1 / 21

Internet Marketing

Internet Marketing. Individuals Online. Topics. The Dell triangle Online marketing Online behavior and interactivity Web users. The Dell Triangle: Figure 4.1. Figure 4.2. Customers use sites more as companies add more interactive content. Online Marketing.

Download Presentation

Internet Marketing

An Image/Link below is provided (as is) to download presentation Download Policy: Content on the Website is provided to you AS IS for your information and personal use and may not be sold / licensed / shared on other websites without getting consent from its author. Content is provided to you AS IS for your information and personal use only. Download presentation by click this link. While downloading, if for some reason you are not able to download a presentation, the publisher may have deleted the file from their server. During download, if you can't get a presentation, the file might be deleted by the publisher.


Presentation Transcript

  1. Internet Marketing Individuals Online

  2. Topics • The Dell triangle • Online marketing • Online behavior and interactivity • Web users

  3. The Dell Triangle: Figure 4.1

  4. Figure 4.2 Customers use sites more as companies add more interactive content Online Marketing • Direct interaction creates customer value and sets the stage for relationship building • This creates opportunities for • personalization • community building • real-time marketing

  5. Online Behavior & Interactivity • Interactivity depends on • Direct communication • Individual choice • Friendly technology • Let’s take a look at each of these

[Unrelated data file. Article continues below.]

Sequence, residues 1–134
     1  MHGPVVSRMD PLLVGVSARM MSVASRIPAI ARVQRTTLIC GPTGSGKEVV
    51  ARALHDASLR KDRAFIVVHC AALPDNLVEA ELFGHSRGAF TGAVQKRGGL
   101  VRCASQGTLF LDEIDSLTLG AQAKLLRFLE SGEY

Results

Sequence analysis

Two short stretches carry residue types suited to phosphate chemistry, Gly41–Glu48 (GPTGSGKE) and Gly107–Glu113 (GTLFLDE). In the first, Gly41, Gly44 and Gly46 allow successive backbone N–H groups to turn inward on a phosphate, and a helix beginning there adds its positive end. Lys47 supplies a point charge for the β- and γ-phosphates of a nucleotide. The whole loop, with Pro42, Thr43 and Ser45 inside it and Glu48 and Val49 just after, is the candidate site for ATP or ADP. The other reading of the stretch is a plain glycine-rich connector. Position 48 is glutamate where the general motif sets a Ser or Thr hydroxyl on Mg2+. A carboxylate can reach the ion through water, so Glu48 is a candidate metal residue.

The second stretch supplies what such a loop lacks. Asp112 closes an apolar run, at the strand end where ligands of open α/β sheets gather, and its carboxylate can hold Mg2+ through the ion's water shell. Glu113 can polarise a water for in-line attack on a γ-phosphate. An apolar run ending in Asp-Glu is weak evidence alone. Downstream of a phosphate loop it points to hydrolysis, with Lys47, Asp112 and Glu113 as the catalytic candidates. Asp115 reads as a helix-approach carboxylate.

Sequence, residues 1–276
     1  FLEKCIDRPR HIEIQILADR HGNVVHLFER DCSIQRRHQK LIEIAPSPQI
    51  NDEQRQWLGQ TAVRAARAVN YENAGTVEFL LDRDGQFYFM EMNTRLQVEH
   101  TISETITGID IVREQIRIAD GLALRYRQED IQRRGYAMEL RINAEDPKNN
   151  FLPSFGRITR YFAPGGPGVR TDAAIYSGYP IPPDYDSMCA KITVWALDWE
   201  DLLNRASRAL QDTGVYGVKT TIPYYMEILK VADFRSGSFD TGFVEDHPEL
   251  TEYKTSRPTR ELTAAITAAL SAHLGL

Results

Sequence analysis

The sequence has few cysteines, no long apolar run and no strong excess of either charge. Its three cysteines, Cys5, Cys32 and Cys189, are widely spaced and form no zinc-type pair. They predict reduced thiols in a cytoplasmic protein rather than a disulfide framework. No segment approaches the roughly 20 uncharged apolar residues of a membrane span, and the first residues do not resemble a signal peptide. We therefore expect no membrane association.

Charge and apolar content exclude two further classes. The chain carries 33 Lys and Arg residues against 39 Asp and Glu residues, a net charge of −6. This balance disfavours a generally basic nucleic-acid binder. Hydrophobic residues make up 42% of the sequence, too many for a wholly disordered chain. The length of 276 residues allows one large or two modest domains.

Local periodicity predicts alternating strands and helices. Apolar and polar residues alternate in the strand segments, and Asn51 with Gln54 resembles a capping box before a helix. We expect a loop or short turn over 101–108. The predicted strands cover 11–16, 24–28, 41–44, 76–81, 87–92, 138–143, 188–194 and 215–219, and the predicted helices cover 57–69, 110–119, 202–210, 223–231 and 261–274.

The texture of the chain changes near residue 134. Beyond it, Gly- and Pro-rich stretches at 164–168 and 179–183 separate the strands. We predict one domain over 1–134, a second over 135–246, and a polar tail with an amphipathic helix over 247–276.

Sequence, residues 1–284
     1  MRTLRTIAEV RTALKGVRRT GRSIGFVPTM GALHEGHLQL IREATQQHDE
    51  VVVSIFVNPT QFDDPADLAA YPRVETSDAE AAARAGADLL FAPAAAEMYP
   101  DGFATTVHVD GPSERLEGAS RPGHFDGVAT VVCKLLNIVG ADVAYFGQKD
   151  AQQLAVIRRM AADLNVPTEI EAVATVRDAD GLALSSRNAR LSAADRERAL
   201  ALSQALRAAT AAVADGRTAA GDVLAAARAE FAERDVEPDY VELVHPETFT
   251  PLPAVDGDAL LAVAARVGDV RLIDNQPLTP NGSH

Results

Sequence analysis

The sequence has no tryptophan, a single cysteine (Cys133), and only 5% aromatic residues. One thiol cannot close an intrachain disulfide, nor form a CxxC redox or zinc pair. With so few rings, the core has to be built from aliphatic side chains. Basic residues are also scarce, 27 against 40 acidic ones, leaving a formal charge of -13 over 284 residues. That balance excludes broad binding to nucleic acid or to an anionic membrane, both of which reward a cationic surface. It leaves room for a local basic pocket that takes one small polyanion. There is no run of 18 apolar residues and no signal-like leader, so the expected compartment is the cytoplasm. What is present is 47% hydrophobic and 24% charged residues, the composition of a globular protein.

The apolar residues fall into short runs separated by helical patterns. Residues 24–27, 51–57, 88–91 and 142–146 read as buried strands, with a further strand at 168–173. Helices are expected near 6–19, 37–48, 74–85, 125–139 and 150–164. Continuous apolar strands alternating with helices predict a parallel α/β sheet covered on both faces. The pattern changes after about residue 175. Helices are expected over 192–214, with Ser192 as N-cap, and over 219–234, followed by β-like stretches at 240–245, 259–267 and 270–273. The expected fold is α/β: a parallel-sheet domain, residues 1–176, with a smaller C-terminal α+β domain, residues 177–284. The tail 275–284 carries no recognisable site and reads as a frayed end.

6. One-to-Many Broadcast (same message to all) Direct Targeting (one direction, different messages) One-to-One Interactive (unique messages to individuals) Direct CommunicationFrom Broadcast to Dialogue Figure 4.3 • Dialogue is possible when there’s direct communication between marketer and customer • Intermediaries can filter or block feedback

  7. Comparing Communication Methods • Hoffman & Novak (1996): Compared traditional and online communication methods • They looked at • Communication model: one-to-many  one-to one • Media symmetry: is the information flow symmetric? • Media content: use of text, images, audio, video • Diversity of information: the number of information sources available through the medium (billboards vs. cable TV or the Web) • Communication timing: synchronous vs. asynchronous • Personal interactivity: person-to-person vs. machine-mediated interaction

  8. Comparing Communication Methods • The Web is a flexible technology • It’s evolving into a personal and dynamic communication medium Figure 4.4

  9. Individual ChoiceSelection + Suggestion = Value • The modern economy presents a staggering amount of variety • Typical supermarkets contain 25,000 different items • Variety expands even further without the physical constraints of inventory and shelf space • Choice is confusing without a way to compare, evaluate & select among the huge number of possibilities • New technologies combine selection and suggestion • Enable consumers to make more effective choices